During the decade of her long, though hardly prolific, career Nicole Holofcener has crafted herself a reputation for creating bittersweet, dialogue-heavy comedy-dramas. Walking And Talking (1996) dealt with a singleton's experience as her best friend gets married, while Lovely & Amazing (2001) examined the relationship between a mother and her three daughters. Now comes Friends With Money, another film shedding new light on the female experience. This time, it deals with four Los Angeles-based late-30s friends as they pick their way through modern life.
The central character, if there can be one in such a democratic ensemble, is Olivia (Aniston), a single woman who works as a maid - much to the shock of her wealthier friends, particularly Franny (Cusack), the most solvent of the bunch. The others who make up the group are Christine (Holofcener regular Keener), who writes screenplays with her husband (Isaacs), and Jane (McDormand), a short-fused lady married to a man (McBurney) everyone is secretly convinced is gay.
All of them gossip about Olivia, convinced that she needs a man in her life. She soon does, getting mixed up with a physical trainer named Mike (Caan), a creepy individual who buys her a French maid's outfit to work in while he watches and then demands half her pay for helping her out on the job.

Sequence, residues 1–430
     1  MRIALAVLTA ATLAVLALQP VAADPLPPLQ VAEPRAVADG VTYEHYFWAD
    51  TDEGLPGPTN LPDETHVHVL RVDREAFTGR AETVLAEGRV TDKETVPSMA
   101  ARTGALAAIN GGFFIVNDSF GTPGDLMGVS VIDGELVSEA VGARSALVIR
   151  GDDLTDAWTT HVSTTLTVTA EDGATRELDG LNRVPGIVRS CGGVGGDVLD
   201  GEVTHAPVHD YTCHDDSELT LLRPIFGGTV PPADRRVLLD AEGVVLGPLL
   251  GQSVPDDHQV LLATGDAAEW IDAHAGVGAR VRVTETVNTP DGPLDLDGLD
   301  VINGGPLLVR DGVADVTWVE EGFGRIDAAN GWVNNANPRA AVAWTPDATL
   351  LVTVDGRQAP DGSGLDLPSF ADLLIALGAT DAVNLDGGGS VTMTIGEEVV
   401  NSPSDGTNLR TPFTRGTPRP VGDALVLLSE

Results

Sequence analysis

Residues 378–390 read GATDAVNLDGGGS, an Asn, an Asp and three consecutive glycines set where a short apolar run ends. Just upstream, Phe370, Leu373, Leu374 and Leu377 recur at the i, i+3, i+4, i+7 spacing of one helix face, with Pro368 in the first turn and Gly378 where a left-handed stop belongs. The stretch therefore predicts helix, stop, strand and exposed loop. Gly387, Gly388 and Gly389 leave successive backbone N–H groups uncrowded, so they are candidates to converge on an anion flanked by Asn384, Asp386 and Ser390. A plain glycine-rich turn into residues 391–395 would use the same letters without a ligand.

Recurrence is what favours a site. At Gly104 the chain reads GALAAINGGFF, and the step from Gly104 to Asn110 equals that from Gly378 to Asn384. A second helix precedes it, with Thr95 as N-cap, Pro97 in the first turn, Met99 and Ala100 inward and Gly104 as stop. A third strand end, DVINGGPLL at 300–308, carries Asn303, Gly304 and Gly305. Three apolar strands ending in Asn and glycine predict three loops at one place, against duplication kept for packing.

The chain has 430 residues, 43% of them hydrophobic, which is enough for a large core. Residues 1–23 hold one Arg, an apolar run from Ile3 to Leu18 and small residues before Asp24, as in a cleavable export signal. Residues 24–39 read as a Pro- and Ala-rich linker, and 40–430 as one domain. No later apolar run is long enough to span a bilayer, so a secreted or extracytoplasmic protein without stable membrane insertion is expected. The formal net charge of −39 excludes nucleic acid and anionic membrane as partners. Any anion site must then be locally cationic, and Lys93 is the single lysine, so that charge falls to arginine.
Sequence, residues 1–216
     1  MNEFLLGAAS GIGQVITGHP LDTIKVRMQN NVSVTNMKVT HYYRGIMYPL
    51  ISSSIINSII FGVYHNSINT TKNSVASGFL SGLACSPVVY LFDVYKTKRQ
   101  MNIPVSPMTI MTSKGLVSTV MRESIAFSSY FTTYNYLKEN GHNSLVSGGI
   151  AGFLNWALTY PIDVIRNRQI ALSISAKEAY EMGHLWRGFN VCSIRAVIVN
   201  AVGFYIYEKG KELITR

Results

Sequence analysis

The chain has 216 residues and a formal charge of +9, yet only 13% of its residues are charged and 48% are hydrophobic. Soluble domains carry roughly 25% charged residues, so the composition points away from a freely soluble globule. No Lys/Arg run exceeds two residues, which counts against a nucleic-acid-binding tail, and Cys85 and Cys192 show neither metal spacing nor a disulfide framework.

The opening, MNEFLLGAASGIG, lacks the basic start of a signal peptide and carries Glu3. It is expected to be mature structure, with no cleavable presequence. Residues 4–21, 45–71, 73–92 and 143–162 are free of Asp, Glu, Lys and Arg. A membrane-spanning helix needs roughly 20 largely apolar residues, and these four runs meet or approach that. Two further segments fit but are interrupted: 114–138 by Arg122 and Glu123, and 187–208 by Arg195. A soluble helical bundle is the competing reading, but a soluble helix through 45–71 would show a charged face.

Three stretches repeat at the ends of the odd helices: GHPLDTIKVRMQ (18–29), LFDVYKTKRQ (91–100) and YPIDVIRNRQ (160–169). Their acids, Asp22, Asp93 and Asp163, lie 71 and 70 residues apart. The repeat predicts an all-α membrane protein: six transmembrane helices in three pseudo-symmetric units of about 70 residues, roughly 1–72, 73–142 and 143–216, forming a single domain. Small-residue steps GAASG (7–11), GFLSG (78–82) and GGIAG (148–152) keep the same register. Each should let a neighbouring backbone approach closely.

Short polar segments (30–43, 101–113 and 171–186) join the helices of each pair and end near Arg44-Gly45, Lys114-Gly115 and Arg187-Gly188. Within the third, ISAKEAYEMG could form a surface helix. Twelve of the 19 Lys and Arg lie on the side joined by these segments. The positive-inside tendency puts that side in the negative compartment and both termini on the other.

In some ways, there isn't much of a plot to speak of. Huge character arcs are not traversed, nor do any momentous revelations occur, which is really the pleasure of the film. It's more based around Holofcener's observations concerning the everyday mini-cruelties of life. So, for example, Christine and her husband get in an argument, where he claims she has a large bottom and she retorts by noting his breath stinks. While they are remodelling their house, perhaps as a way to paper over the cracks of their marriage, resentment is never far from the surface of their relationship. As for fashion designer Jane, you get the impression that her frustrations at life's little problems - she flies off the handle in the supermarket when other shoppers cut in line ahead of her - hint at something much deeper.
The film is a brilliant showcase for all four actresses (though McBurney, as the potentially gay husband almost steals the show). McDormand relishes her chance to launch into reams of profane dialogue, while Aniston offers her best work since The Good Girl, in which she played a similar blue-collar character. Aniston's performance is wholly devoid of vanity, without once resorting to the safety net of her 'Friends' comic persona that has often crept out in Hollywood films like Rumor Has It.... Holofcener truly understands how to use Aniston's face too. Towards the end, as Olivia finally finds a potential partner worthy of her, there is a beautiful profile shot of Aniston framed in a doorway. As she listens to this most unlikely of suitors, a slight smile creeps over her face, as if to say "finally!" It's a beautifully gentle moment in a film filled with them.